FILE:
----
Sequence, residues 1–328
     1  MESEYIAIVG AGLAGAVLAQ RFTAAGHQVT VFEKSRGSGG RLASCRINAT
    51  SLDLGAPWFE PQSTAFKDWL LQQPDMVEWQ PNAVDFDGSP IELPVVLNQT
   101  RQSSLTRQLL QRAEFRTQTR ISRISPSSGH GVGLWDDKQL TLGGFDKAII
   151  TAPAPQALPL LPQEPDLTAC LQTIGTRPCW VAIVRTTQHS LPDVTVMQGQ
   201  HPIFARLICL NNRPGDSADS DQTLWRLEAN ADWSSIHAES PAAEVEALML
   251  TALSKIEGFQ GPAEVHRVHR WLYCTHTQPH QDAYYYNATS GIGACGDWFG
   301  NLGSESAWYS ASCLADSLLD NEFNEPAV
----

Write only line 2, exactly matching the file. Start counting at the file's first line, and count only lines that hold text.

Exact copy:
     1  MESEYIAIVG AGLAGAVLAQ RFTAAGHQVT VFEKSRGSGG RLASCRINAT